The Informational Interview

Written by Joanne Deck. Posted in Academic & Career Success, Blog

We’ve all been on job interviews, and many of you have interviewed others for a job. Are you familiar with an informational interview?  With this powerful research and job search tool, the roles are reversed.  The job seeker is the one conducting the interview, with several goals in mind.  First is to learn about new fields and careers and how the job seeker’s skills and experiences can be used in new ways.  The second is to develop the candidate’s professional network, and third is to ultimately land a job.  If you feel ready for a change, but are unsure what direction to take, informational interviews could give you the answer.

Begin by making a list of people you know who could give you information on a potential new field.  In addition, include individuals who know you well and have a network, even if you don’t think they’ll have the information you need.  They can always refer you on to someone who may.  Contact the individuals and request a few minutes of their time. Informational interviews are short, under 30 minutes.  They’re best done in person, so a stronger connection can be made, but a telephone interview can be effective, especially when you know the person.  Make it clear that you are not asking for a job, just their expert opinion and ideas.  Most people are eager to help if they know they won’t be put on the spot with a plea for a job.

When you meet, you will direct the interview, so have your questions ready.  Ask the subject matter expert (SME) about their job, company, and industry; trends and developments in their field; possible jobs you could explore; and so forth.  Get their card and ask for referrals of other people they could contact.  If there is a specific company you’d like to learn about, ask them if they know anyone there.  Be sure to ask the SME if you could use their name when you make the contact, as doing so will usually open the door for you.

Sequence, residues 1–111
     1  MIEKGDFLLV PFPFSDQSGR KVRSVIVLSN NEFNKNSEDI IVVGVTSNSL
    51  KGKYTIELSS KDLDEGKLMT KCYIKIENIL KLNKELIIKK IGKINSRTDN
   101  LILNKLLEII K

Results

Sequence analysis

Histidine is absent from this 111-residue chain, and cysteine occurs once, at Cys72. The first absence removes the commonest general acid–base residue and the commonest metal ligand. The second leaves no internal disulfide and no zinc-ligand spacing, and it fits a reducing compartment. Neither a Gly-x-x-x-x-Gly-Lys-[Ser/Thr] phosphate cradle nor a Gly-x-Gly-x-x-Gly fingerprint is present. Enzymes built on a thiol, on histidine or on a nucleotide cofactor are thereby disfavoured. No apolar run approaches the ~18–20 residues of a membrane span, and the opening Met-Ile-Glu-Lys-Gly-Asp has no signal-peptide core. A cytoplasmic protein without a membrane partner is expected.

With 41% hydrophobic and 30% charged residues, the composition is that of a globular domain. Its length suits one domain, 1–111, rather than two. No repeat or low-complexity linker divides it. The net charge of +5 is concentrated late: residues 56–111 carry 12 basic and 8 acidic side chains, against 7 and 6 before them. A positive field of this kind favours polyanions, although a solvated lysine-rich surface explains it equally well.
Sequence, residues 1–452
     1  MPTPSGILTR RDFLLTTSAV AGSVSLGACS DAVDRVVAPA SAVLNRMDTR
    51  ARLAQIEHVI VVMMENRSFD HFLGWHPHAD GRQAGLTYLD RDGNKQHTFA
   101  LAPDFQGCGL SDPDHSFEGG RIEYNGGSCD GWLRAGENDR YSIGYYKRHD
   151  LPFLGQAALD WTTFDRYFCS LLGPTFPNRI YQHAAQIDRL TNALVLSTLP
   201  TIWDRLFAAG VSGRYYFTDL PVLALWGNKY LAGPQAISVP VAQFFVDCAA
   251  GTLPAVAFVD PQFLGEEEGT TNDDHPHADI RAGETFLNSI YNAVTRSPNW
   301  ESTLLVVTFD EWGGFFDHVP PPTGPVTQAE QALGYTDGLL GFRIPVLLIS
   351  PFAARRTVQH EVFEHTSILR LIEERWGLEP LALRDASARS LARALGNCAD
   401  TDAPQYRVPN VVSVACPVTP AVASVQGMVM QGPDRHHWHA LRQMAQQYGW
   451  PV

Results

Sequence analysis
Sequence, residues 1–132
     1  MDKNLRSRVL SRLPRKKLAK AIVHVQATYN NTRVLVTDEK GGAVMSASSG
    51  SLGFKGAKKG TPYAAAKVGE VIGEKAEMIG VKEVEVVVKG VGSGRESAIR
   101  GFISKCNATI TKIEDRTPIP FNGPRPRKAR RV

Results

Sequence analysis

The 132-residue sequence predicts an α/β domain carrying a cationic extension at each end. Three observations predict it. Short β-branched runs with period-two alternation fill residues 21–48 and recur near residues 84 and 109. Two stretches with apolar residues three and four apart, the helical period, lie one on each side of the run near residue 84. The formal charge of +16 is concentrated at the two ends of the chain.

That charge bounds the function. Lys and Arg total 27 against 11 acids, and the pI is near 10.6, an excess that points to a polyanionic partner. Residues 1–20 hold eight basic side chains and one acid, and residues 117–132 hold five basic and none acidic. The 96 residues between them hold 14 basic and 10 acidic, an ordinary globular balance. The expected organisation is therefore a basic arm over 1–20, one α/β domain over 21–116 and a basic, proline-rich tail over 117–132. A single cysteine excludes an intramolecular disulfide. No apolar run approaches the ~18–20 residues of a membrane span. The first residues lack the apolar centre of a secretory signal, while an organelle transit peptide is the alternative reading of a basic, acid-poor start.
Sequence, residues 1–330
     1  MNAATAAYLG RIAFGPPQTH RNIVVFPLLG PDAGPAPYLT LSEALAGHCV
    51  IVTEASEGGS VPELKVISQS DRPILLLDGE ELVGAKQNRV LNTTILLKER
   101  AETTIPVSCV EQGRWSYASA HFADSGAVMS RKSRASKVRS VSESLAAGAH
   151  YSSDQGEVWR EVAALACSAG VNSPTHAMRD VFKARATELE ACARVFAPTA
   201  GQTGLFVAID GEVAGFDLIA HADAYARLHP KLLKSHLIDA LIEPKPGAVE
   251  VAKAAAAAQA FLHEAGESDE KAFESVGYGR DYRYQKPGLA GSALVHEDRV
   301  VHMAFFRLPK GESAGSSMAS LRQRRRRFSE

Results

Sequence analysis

If you want the person to see your resume, here’s how to present it.  At the end of your time together, mention that you just revised your resume and would like their opinion on it. Over ninety percent of the time when I’ve done this, the individual asked me if they could keep it. It wasn’t unusual for them to pass it along to someone with a job opening. 

After the interview, follow any advice they gave you and send a thank you note, letting them know how you made out.  Keep the communication open and look for an opportunity to do something for them. It’s a kind thing to do, and it will help solidify the relationship and keep you in their mind.

I’ve used informational interviews a number of times, and I frequently recommend them to my clients and students.  Give the process a try, and let me know if you have any questions.  I’d love to hear how it goes for you.

Tags: , , , , , , , , , , , , , , , ,

Trackback from your site.

Joanne Deck

Joanne M. Deck, MBA, SPHR is a certified academic and career coach, educator, public speaker, and author with expertise in higher education, careers, and healthy dating relationships. She has over 20 years of corporate experience as an instructor and tutor, leadership coach, human resources director, wellness and management consultant, and customer service manager and is active with Toastmasters, having achieved the levels of ACS and ALB. Joanne is also the author of Sane Sex for Singles, a three-time winning dating guide for the new millennium. Joanne was born in Rochester, NY and graduated from the University at Albany, NY with a degree in math and an MBA in human resources. She is the mother of young adult twin daughters and lives in Phoenix, Arizona with her husband, Roger. Joanne is currently working on her next book, Learning to Receive with Grace and Ease, aimed at helping people become more comfortable and skillful receivers. Her observation is that most people have the giving side of the equation down, but struggle with receiving.

Leave a comment